According to the Australian Competition & Consumer Commission (ACCC), Mosaic Brands Limited, which owns Noni B, Katies, Millers, Rivers, Rockmans, BeMe, Crossroad and Autograph, has paid penalties totaling $630,000 over misleading advertising of hand sanitiser and masks.
It is the largest specialty fashion group in the country.
The penalties come after Mosaic Brands admitted that it breached Australian Consumer Law when it promoted pandemic-related ‘Health Essential Products’.
The ACCC issues five infringement notices to the company over allegedly misleading or false advertising of hand sanitisers and face masks between March and June of last year.
According to the ACCC, the infringements related to claims in advertising across numerous Mosaic Brands which claimed that:
“Air Clean hand sanitiser sold on the NoniB website contained 70 per cent alcohol, when a sample tested by the ACCC was found to contain 17 per cent alcohol. Miaoyue hand sanitiser sold by Millers contained 75 per cent alcohol, when a sample tested by the ACCC was found to contain 58 per cent alcohol.”
Australian health authorities recommend that hand sanitiser has an alcohol concentration of at least 60 per cent.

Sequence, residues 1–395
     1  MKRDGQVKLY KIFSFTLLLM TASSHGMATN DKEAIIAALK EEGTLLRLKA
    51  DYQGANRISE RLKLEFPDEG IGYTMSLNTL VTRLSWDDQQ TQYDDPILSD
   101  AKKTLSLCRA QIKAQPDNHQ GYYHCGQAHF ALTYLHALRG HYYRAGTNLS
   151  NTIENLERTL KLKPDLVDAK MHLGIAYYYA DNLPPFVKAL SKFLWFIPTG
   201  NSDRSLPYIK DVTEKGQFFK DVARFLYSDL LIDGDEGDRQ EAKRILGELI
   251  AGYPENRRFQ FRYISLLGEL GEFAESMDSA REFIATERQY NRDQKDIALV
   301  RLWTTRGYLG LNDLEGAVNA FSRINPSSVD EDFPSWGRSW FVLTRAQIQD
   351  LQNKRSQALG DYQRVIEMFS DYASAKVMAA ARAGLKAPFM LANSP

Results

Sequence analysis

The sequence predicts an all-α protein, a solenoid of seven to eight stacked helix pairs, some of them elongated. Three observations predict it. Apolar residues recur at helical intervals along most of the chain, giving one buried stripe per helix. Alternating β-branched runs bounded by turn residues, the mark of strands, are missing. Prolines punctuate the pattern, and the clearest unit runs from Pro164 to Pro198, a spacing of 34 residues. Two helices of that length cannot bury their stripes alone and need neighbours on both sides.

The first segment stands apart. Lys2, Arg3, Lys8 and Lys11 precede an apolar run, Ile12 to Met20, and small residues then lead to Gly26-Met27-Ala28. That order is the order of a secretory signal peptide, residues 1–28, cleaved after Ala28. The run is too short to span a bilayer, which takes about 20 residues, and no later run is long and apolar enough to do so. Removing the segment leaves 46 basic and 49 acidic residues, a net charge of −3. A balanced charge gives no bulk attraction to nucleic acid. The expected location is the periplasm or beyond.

The infringements also included: “Velcare-branded hand sanitiser products sold on its websites were ‘WHO-approved’ when they were not; KN95 Kids Safety Face Masks sold on its websites were ‘CE/FDA certified’, when they were not, and KN 95 Adult Face Masks were ‘non-refundable’, when consumers have a statutory right to a refund under the consumer guarantee remedies.”
They were promoted as ‘Health Essentials’ as both state and federal governments were grappling with the early stages of the pandemic, including introducing COVID-19 restrictions.
It was also a time of “intense public concern” – as put by the ACCC – about supplies of masks and sanitiser.
Mosaic Brands sold tens of thousands of those products across their sites, which were branded with language like: ‘stock up now before it’s gone’, ‘remain healthy’ and ‘be prepared’.
ACCC Deputy Chair Delia Rickard said, “businesses must never mislead their customers about the certification, quality or properties of their products, but we were particularly concerned about the representations by Mosaic Brands because the statements which Mosaic Brands has admitted were false or misleading related to certain protective health properties at the time of a global pandemic.”
Mosaic Brands has also signed a court-enforceable undertaking – which admitted that their actions contravened Australian Consumer Law – to refund customers under a redress program.
They will implement a three-year compliance program, and properly substantiate their claims about hand sanitiser and face-masks, including using independent product testing.
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